How to Apply to Medical School
The application process typically begins 15 to 16 months before matriculation into medical school. A centralized application service (AMCAS) is used submit your application.
The American Medical College Application Service (AMCAS) a centralized application processing service that is available to applicants applying to participating U.S. medical schools. Most M.D. granting medical schools use AMCAS as their primary application method. The notable exceptions are the Texas medical schools that belong to Texas Medical & Dental School Application Service (TMDSAS). There is a fee associated with this application service. See the AAMC Fee Assistance Program for information concerning financial assistance.
- AMCAS Participating Medical Schools
- AMCAS Resources
- AMCAS Instruction Manual
- List of AAMCs’ Accredited US and Canadian Medical Schools (Member Institutions)
- AMCAS Application Grade Conversion Guide
- TMDSAS (Texas Medical & Dental School Application Service)
AAMC Fee Assistance Program
The AAMC Fee Assistance Program (FAP) assists MCAT examinees and AMCAS applicants who, without financial assistance, would be unable to take the MCAT exam or apply to medical schools that use the AMCAS application. See the links below to learn more about this program, the eligibility requirements, and how to apply.
- Fee Assistance Program
- Eligibility Requirements
- Application Requirements
- Fee Assistance Program Application
The American Association of Colleges of Osteopathic Medicine Application Service (AACOMAS) is a service run by the American Association of Colleges of Osteopathic Medicine (AACOM) through which prospective osteopathic medical students can apply to osteopathic medical schools in the United States that grant the Doctor of Osteopathic Medicine degree.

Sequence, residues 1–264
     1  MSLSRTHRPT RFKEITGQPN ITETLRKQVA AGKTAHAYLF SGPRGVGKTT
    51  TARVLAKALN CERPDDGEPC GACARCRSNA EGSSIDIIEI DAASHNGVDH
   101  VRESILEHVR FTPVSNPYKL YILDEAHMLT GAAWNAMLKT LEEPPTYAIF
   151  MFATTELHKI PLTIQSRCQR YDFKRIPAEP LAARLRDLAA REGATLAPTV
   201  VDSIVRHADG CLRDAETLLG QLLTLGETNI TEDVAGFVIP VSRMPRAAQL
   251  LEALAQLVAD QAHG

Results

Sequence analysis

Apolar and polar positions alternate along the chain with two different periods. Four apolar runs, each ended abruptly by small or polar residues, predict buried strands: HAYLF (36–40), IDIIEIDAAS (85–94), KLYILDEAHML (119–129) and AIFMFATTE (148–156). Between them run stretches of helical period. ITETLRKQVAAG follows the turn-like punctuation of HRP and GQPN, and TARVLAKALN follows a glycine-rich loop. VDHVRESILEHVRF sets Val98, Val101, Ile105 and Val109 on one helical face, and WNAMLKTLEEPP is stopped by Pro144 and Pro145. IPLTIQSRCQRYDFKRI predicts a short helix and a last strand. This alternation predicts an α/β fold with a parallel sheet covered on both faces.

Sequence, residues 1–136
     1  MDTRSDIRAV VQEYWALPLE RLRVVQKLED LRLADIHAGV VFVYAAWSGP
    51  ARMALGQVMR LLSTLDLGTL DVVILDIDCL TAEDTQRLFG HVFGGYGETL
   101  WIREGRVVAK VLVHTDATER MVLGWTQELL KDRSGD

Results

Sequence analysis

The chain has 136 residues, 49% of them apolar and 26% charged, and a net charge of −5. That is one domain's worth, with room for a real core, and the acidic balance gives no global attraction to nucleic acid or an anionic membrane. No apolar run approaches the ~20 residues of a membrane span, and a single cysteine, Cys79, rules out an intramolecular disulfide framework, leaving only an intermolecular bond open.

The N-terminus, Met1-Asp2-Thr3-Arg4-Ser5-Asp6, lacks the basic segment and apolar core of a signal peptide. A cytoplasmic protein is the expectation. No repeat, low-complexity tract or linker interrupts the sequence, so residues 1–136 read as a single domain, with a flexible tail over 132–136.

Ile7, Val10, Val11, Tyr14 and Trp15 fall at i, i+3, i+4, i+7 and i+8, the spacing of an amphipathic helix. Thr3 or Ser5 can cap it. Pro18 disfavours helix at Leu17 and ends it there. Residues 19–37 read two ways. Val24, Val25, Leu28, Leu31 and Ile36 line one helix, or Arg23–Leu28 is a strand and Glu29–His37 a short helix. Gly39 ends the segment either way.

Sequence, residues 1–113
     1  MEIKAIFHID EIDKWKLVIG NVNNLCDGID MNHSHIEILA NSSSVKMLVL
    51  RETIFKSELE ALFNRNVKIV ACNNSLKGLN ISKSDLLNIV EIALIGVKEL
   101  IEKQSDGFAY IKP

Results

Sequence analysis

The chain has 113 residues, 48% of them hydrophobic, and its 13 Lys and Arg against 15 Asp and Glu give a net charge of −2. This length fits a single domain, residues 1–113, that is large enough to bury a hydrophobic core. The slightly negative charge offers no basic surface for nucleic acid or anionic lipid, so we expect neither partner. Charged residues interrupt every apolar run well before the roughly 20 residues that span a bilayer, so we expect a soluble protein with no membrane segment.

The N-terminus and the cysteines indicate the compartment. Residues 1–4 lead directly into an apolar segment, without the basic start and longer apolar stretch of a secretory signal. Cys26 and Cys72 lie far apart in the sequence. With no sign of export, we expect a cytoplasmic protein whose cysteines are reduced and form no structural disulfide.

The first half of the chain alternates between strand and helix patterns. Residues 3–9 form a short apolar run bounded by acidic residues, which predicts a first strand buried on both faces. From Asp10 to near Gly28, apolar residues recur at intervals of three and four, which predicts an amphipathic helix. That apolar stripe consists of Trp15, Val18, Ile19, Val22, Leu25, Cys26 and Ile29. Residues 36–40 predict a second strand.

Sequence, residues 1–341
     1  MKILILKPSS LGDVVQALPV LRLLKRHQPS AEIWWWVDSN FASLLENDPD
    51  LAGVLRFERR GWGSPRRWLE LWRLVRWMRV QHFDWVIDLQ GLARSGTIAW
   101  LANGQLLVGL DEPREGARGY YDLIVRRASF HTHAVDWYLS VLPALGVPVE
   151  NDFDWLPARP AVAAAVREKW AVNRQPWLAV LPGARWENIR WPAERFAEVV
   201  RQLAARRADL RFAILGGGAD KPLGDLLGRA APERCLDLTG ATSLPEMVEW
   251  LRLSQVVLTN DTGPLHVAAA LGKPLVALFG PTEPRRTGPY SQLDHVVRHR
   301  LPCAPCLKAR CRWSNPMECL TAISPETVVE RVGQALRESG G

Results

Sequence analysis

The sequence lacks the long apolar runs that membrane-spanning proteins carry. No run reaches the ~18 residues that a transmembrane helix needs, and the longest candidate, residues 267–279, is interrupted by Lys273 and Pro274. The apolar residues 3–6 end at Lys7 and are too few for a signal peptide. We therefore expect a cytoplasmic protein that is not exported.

International students applying to U.S. medical schools
International students in the USA on a Visa without permanent U.S. resident status ("Green Card") often find it surprising that it is much more difficult to enter a U.S. medical school (M.D. or D.O) than it is to enter a U.S. university or graduate school to study for a Ph.D. or M.S. degree. Many U.S. medical schools give preference to legal residents of the geographic state in which the school exists. Eligibility for many U.S. Federal Government sponsored financial loans may well be defined by being a U.S. citizen, or a U.S. permanent resident ("Green Card"), or PERHAPS being designated sometimes as a 'political refugee', fleeing violence in their homeland. Information on such issues can usually be found on U.S. college campuses in the Financial Aid Office (at UGA in the Hunter-Holmes Academic Bldg. near the Arch) and in the Office of International Education (at UGA on the 2nd floor of Barrow Hall) or Office of International Student Life (at UGA in Memorial Hall).
Some students may benefit from discussing their situation with an attorney knowledgeable in immigration law and procedures in applying for U.S. residency. Some international students not eligible for U.S. Federal Government Loans, but have the ability to pay (such as through family financial resources), sometimes write the Admissions Offices at U.S. medical schools to declare such an ability to pay.
International students should review the Medical School Admission Requirements (MSAR) to determine the medical schools they are interested in accept international applicants.